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The Envelope, Please: Direct Mail's Not Dead Yet
Certain approaches -- such as mass-mailing campaigns -- are nearly on the "endangered list," but when done right, direct mail continues to generate the appropriate response.
Posted Jan 31, 2008
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Spending on direct mail in the United States continued to grow in 2007, climbing 5 percent from 2006 to total $58.4 billion in aggregate investment, according to a white paper recently released by Winterberry Group, a leading strategic consulting firm serving the marketing industry. Spending is expected to increase to $61.3 billion this year and $65 billion in 2009. "Direct mail...is growing at a faster rate than any other interactive media," says Jonathan Margulies, primary author of the white paper and director of Winterberry Group. "It's all about getting the right message to the right person at the right time." The projected direct-mail spending growth, according to the report, will be largely supported by the insurance, healthcare, and retail markets -- activity in each of those segments is expected to outpace the growth of the overall market: Projected Direct Mail Compound Annual Growth Rates, By Vertical Market (2007-2011)
  • Financial Services: Insurance.......................6.9%
  • Healthcare/Pharmaceuticals........................6.4%
  • Retail: Traditional........................................5.8%
  • Technology.................................................4.9%
  • Telecommunications....................................4.7%
  • Retail: Multichannel/Catalog.........................4.6%
  • Business to Business....................................4.5%
  • Automotive.................................................3.8%
  • Not-for-Profit..............................................3.8%
  • Hospitality...................................................3.2%
  • Publishing....................................................2.9%
  • Financial Services: Banking and Credit Card...2.8%
Source: Winterberry Group analysis of data from the Direct Marketing Association For 2008, Margulies concludes that several macro direct-mail industry trends will affect mailers, the first of which is the increasing political and societal pressure to "go green." Margulies says this will force marketers and service providers to adopt environmentally friendly processes to remain competitive. Other trends that could continue to have immense impact on the direct-mail market include "do-not-mail" privacy protection and proposed legislation restricting data use -- which are on the table in several states. According to Margulies, "even a single successful do-not-mail initiative could have disastrous implications for the entire channel."
The vertical market-specific trends affecting direct mail in 2008 may be key. Marketers are already cautious in developing direct-mail spending plans for 2008 because of the "lukewarm" U.S. economy. The financial services industry has significantly decreased volumes in 2007 and is expected to continue this practice in 2008. While events such as the upcoming Summer Olympics in beijing and the U.S. presidential election in November may boost the direct-mail channel, marketers are still approaching their 2008 direct-mail spending decisions with a wait-and-see attitude, according to the report. Another trend involves marketing automation platforms. The platforms -- which comprise numerous technology functions including CRM, enterprise resource planning, data segmentation, digital asset management, and campaign execution -- continue to draw attention from midmarket players. Previously seen as out-of-reach for many mailers, the platforms continue to grow more accessible thanks to new technology and lower costs. The platforms also allow greater production efficiencies and enhanced campaign flexibility. Finally, according to Margulies, marketer consolidation will increase the number of consumer touchpoints and drive the demand for commerce-driven multichannel integration. He also notes the significant attention paid to possible deals in the financial services and transportation sectors, a trend that favors direct mail and supports multichannel marketing. Even in the face of rising costs and threats of impending legislation, Margulies says he still sees direct mail remaining a viable form of marketing over the next 10 years. He adds that, while certain approaches -- such as mass-mailing campaigns -- are nearly on the "endangered list," direct mail gets the appropriate response when it is used correctly as a marketing strategy. "The direct-mail process is very well established," he says. "There is over a 250-year legacy of mail being used as a marketing channel in this country."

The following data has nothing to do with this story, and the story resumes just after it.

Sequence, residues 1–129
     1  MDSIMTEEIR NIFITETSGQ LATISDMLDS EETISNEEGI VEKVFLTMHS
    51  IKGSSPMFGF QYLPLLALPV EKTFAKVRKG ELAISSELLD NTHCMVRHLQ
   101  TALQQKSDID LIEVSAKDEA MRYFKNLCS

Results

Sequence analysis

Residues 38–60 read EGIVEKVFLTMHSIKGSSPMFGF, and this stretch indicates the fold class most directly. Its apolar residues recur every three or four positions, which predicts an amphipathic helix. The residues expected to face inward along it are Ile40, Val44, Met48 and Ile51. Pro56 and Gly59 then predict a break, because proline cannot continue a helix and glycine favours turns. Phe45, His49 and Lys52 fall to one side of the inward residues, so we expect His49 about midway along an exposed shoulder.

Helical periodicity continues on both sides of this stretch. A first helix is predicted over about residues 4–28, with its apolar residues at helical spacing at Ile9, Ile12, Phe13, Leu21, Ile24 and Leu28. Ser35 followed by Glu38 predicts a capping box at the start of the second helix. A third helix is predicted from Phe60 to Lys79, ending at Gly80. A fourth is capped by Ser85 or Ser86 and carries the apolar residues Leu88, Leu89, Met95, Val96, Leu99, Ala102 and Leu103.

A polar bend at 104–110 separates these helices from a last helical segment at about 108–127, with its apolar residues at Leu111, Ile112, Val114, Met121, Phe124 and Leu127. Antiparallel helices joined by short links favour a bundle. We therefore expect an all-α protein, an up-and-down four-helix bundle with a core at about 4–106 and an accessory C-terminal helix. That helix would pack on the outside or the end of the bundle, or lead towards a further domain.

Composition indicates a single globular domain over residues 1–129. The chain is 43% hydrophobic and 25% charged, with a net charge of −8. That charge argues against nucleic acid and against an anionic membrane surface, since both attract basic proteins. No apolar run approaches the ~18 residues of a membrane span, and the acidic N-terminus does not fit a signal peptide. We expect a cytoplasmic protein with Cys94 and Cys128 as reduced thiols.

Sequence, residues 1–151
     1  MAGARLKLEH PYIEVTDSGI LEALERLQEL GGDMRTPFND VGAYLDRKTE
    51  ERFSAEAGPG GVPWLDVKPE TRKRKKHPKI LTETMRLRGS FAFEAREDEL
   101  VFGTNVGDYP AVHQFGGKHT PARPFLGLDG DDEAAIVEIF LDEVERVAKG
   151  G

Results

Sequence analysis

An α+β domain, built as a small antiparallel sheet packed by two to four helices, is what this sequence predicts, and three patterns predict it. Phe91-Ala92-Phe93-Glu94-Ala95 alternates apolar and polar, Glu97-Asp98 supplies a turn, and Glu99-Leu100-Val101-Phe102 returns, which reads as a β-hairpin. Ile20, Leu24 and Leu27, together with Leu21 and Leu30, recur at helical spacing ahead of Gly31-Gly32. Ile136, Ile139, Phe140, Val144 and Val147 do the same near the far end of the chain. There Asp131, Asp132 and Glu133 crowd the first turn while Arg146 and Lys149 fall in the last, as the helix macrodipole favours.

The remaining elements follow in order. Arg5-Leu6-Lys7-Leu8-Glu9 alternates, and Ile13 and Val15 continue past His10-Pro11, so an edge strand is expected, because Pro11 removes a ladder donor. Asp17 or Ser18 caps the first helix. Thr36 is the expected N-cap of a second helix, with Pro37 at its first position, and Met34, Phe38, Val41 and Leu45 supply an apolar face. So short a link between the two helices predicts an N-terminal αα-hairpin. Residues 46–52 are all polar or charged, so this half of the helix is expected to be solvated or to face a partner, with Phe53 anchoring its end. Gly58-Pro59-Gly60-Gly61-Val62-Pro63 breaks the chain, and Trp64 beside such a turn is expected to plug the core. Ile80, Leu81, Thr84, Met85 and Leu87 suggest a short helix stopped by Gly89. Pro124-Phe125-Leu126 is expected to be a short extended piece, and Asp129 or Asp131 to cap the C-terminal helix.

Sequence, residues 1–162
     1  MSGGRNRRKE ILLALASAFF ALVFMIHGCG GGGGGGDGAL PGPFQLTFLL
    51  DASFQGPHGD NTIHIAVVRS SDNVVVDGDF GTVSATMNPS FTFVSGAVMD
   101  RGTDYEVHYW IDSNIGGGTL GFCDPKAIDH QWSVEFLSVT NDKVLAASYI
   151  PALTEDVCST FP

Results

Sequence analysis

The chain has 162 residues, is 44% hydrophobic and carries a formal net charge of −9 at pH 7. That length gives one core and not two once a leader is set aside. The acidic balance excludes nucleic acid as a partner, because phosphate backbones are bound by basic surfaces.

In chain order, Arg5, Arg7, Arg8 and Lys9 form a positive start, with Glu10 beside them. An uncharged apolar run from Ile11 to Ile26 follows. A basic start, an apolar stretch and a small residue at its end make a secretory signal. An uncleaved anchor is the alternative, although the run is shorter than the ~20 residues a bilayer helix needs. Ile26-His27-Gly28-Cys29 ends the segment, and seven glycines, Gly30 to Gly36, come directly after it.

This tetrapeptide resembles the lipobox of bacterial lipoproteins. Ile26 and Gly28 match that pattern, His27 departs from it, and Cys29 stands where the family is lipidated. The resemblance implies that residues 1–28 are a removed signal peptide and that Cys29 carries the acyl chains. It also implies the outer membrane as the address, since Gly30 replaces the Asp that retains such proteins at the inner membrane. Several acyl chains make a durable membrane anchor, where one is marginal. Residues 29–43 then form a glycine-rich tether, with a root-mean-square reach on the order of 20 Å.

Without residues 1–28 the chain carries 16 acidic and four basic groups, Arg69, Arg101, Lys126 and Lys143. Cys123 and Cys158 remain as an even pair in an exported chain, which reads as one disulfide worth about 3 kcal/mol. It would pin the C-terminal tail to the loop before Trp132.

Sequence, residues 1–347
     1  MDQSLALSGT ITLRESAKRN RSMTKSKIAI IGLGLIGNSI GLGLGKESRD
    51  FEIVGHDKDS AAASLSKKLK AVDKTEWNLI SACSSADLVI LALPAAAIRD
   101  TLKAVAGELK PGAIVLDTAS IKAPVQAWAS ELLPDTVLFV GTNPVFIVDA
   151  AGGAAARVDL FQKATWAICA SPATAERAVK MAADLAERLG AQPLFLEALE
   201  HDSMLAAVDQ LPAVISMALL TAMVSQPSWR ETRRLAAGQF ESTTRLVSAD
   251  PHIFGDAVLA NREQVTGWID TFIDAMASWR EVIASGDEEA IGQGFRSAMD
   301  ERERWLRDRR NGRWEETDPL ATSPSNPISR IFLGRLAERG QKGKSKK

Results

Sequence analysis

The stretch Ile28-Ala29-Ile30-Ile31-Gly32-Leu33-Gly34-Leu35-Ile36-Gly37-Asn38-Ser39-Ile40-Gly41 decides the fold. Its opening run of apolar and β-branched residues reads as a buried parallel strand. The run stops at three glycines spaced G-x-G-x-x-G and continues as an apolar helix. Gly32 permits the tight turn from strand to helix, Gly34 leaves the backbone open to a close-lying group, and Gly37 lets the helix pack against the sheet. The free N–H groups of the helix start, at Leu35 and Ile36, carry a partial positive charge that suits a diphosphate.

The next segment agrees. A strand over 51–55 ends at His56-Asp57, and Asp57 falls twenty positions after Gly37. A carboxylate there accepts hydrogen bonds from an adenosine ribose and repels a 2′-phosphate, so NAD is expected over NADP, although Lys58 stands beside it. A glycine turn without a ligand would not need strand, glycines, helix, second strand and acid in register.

Related articles: 13 Reasons People Will Open Your Direct Mail No matter how quickly technology is pushing us toward a digital world, marketers continue to actively rely on direct mail. Winning the Multichannel Customer While direct mail is one of the oldest staples of marketing, how secure is its future? Feature: Cast a Narrow Net Direct mail and email addresses change, for example, more frequently than marketers expect. Market Watch: Database Marketers Mine for Perfect Customer Segmentation The applications of database marketing used in direct mail are being applied to other channels, such as upselling and cross-selling on the Web or in the contact center. Marketers Talk About Targeting Nirvana Future of Information Summit 2006: Panelists discuss segmented marketing, customer influence, and 'the desire to be entertained.' Marketers: Find Your Reach, Reach Your Finds DM Days '06: A deep look into the best and worst ways to develop marketing strategies in the digital world. DM Days: On Marketers and Politicians DM Days '05: Bush's former commerce secretary opines on marketing and suggests that some privacy legislation will be refined over time. The Three Rs at DMA Days DMA05: Keynotes detail the importance of relevancy, responsibility, and results -- all ways for direct marketers to win customer confidence and build trust. CRM 'At the Highest Level' During its first round of product direct mail campaigns, LifeWay Christian Stores saw a 400 percent lift in average response rates with a high of 30 percent on some mailings. What Can Direct Mail Do For Marketers? The U.S. postmaster general speaks about how traditional marketing can enhance the Web and other, more advanced ad mediums. Direct Marketing Trends for 2006 More companies are turning to the Web for targeted marketing efforts. The Most Effective Direct Mail Campaigns Well-targeted mail campaigns are increasing in-store traffic. Don't Trash That Catalog Just Yet It's not surprising that the USPS would publish results emphasizing the importance of direct mail, but independent marketing strategists continue to validate mailings as an important part of a broader customer strategy. Feature: It's Showtime! Direct mail is a key component of entertainment companies' customer initiatives. Feature: The 2003 CRM Elite To overhaul its direct mail process LexisNexis brought the management of its mailing lists in house and turned to its long-term CRM provider SAS to cut costs and improve efficiency. Pitney Bowes to Acquire Group 1 Software "One of the immediate benefits of good customer data is lower marketing direct mail costs," one analyst says. A First-Class Ticket to ROI Using survey data to create more effective direct mail campaigns. A Marketing Marvel With Annuncio Live, Lucent Technologies creates a productive "one-to-one" marketing machine. Marketing Man The DMA said in 1999 that the direct marketing industry would be $1.5 trillion worldwide, of which about $800 billion is in the United states.